J’accuse la Divinite

A group of Auschwitz prisoners, waiting for their potential call to death, decide to put God on Trial to determine if He is guilty of breaking His covenant with His chosen people.  The show is playing at First Central Congregational Church under the auspices of the Brigit St Brigit Theatre Company.

Frank Cottrell-Boyce’s script doesn’t just tug at your heartstrings.  It drives a knife into your chest and gouges a hole in your heart.  It paints a brutally realistic picture of life in a death camp as the prisoners look starved and beaten and you can feel them desperately clinging to their last thread of self-control as they constantly dread the summons to the gas chamber that hangs over their heads like the Sword of Damocles.  Cottrell-Boyce’s taut and crisp dialogue really sells the trial as the prisoners argue over all facets of God.  Does He exist?  Is He just and loving?  Is He not all powerful?  Why would He allow His chosen people to suffer such an abomination?  Is He no longer on their side?  This show is really going to make you think and the utter silence I heard at the play’s end is the best tribute to its power which I can conceive.

Murphy Scott Wulfgar provides an immersive piece of direction.  The staging will make you feel like a fellow prisoner as the actors weave between audience members and perform inches from your face.  The coaching is sterling.  His performers shine in a series of monologues that will leave you feeling raw and wrung out.  The reactions of the prisoners are precise and exact.  In fact, one of the play’s strongest scenes is a moment of about two minutes of silence except for the sounds of a new group of prisoners being indoctrinated into Auschwitz (courtesy of Eric Griffith’s soundscape work).  The far-off sounds of heads being sheared combined with the fearful and haunted looks of the prisoners make it one of the best ensemble scenes of the season.

This play totally eschews the typical form for a show as there is no leading character.  Nearly everyone gets a moment to shine and provide a vital piece of the puzzle.  Some of the sensational performances you see come from Jack Zerbe who sizzles as Kuhn, a man who retains his childlike faith even in these dire circumstances and understands the true meaning of sacrifice.  Jeremy Earl gives the most honest and gut-wrenching performance of his career as Jacques, a French Jew whose use of logic leads him to a dark and hopeless place.  Michael Lyon stirs as the judge for the trial who hides a secret of his own.  Thomas Lowe pulverizes your soul as a father who watched his children taken away from him by the Nazis.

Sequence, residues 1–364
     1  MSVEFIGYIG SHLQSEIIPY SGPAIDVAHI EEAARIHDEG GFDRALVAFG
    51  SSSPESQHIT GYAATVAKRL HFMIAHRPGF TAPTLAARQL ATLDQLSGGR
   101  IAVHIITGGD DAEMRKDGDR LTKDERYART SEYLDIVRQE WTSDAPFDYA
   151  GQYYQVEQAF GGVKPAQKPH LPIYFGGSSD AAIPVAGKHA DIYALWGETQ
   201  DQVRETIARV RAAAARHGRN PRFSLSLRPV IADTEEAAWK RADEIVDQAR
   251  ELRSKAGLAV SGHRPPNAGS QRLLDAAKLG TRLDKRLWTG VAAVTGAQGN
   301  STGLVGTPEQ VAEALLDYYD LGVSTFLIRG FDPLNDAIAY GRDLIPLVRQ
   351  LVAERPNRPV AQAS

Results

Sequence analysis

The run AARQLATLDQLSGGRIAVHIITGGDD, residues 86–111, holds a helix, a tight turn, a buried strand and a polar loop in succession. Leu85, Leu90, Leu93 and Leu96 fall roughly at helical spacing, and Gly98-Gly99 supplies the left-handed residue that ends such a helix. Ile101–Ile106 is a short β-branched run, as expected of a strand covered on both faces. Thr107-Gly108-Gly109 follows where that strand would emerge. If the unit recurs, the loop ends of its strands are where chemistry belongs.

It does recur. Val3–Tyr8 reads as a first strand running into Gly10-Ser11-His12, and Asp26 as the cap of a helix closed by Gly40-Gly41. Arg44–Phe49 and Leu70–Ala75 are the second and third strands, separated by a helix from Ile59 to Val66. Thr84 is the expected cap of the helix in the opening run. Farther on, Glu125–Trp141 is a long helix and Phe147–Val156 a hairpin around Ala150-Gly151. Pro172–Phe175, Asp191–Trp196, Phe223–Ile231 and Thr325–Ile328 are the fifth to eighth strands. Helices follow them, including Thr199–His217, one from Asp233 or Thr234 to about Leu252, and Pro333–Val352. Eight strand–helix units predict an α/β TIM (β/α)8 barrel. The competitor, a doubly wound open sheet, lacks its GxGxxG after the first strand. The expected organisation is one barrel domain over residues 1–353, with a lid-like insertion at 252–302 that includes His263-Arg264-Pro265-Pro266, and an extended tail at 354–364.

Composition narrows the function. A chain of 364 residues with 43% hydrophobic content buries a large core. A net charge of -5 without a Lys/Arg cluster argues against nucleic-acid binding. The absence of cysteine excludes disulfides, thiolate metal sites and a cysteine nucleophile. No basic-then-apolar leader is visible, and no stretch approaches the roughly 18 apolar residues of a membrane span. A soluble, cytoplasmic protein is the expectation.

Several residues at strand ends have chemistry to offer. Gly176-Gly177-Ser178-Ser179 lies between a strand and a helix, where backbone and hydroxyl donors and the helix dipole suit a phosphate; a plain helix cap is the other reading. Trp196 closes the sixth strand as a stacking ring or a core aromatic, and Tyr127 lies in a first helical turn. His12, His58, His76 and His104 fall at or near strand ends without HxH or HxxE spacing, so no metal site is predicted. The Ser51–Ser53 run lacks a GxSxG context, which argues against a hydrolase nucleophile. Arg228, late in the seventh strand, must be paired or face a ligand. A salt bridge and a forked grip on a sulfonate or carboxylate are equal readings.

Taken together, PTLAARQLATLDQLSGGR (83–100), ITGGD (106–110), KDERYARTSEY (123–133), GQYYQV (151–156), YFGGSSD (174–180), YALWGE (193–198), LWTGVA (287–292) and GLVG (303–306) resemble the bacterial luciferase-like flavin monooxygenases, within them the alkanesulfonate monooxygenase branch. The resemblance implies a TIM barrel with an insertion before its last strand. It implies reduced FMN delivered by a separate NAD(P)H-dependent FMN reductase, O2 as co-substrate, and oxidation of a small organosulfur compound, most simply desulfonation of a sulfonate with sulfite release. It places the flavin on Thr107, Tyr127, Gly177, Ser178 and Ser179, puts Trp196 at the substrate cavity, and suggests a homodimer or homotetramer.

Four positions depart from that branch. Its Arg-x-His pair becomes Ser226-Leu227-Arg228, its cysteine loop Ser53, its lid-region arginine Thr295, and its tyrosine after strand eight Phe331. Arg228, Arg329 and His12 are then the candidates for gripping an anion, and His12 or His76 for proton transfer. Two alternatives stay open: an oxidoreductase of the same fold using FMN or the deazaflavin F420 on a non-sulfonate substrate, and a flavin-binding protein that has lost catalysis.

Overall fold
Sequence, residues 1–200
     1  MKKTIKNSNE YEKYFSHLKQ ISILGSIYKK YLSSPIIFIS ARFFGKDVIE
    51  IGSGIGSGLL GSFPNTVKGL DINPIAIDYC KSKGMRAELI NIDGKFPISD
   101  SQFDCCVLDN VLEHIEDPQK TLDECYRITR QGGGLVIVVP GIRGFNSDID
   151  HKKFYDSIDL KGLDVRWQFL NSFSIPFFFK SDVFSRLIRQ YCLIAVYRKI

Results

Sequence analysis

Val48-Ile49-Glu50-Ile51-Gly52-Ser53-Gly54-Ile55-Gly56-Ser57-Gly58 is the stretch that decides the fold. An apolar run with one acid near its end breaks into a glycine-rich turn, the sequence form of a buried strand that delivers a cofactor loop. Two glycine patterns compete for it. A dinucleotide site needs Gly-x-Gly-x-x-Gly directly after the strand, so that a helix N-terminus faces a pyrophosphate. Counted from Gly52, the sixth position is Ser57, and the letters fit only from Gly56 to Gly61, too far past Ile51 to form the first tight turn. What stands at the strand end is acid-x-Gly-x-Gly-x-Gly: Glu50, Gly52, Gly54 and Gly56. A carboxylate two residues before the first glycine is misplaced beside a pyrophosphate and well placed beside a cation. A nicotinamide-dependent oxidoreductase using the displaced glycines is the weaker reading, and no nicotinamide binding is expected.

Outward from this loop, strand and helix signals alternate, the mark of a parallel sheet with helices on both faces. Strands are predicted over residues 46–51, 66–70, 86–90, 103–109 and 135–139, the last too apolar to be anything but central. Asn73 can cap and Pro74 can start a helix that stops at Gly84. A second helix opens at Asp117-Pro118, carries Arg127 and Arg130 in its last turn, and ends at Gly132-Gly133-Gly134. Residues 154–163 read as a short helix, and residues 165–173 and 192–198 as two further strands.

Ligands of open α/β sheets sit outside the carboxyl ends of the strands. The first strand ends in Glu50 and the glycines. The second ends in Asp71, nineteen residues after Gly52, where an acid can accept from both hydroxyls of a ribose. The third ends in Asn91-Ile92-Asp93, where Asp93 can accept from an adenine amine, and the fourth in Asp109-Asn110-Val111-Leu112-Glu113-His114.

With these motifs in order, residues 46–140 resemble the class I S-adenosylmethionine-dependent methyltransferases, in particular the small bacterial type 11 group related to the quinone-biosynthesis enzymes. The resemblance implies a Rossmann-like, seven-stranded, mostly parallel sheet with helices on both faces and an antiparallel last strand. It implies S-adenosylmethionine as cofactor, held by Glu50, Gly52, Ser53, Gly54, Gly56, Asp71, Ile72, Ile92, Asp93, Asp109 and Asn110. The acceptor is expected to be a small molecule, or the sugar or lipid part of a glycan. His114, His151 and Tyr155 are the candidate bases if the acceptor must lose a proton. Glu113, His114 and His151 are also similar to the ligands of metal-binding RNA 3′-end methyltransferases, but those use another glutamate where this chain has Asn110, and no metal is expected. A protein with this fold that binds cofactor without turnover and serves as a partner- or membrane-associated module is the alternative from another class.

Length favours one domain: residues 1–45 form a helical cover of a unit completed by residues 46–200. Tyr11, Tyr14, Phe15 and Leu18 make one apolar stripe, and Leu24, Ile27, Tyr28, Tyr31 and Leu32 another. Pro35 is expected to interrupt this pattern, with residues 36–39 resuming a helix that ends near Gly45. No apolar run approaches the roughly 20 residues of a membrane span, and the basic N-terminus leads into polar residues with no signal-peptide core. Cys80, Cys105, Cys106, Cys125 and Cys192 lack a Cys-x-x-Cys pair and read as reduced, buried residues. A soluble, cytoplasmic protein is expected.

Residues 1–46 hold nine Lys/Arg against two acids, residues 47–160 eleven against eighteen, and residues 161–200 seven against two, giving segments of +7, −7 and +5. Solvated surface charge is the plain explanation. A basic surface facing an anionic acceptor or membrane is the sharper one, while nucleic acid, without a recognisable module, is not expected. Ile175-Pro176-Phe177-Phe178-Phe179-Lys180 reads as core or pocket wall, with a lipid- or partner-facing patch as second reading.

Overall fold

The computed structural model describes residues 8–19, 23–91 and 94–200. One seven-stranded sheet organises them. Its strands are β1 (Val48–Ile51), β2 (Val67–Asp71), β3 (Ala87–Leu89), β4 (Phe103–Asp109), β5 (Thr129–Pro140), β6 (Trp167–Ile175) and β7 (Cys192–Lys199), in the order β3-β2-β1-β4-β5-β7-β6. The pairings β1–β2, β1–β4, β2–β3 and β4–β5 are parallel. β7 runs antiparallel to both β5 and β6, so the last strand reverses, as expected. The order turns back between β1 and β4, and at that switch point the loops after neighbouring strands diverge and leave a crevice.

Scott Working is thoroughly believable as Schmidt, a rabbi who assumes the role of God’s defense counselor.  Always maintaining his calm, Working’s Schmidt elucidates the history of God with His chosen people and points out how serious blows to the Jewish people led to greater good for them and this period could simply be a test for them or even a purification ushering in the arrival of the longed for Messiah.  His defense of God centers around His mysterious nature and how His ways are not our ways and man’s misuse of free will.

On the other side of the table is the prosecutor, Mordechai, as essayed by Murphy Scott Wulfgar.  What I liked best about Wulfgar’s portrayal was that he ignored the obvious choice of anger.  Instead, he infuses Mordechai with an interesting blend of frustration, weariness, and logical induction.  Unlike Schmidt, Mordechai doesn’t use scripture to back his arguments.  Rather he uses the defense’s own words and examples and inverts them to prove that God is callous and doesn’t care for His special people.

Anthony Clark-Kaczmarek is spellbinding as Akiba.  Silent for most of the show, his one extended monologue manages to fuse the arguments of Mordechai and Schmidt into one combined entity.  A rabbi himself, Akiba is able to use scripture just as easily as Schmidt, but his arguments based off those scriptures support Mordechai as he argues God was never good, just merely on the side of the Jewish people.  Now, he argues, God is merely with someone else and they are suffering the fates of the Egyptians, the Amalekites, the Kenites, and others decimated by God.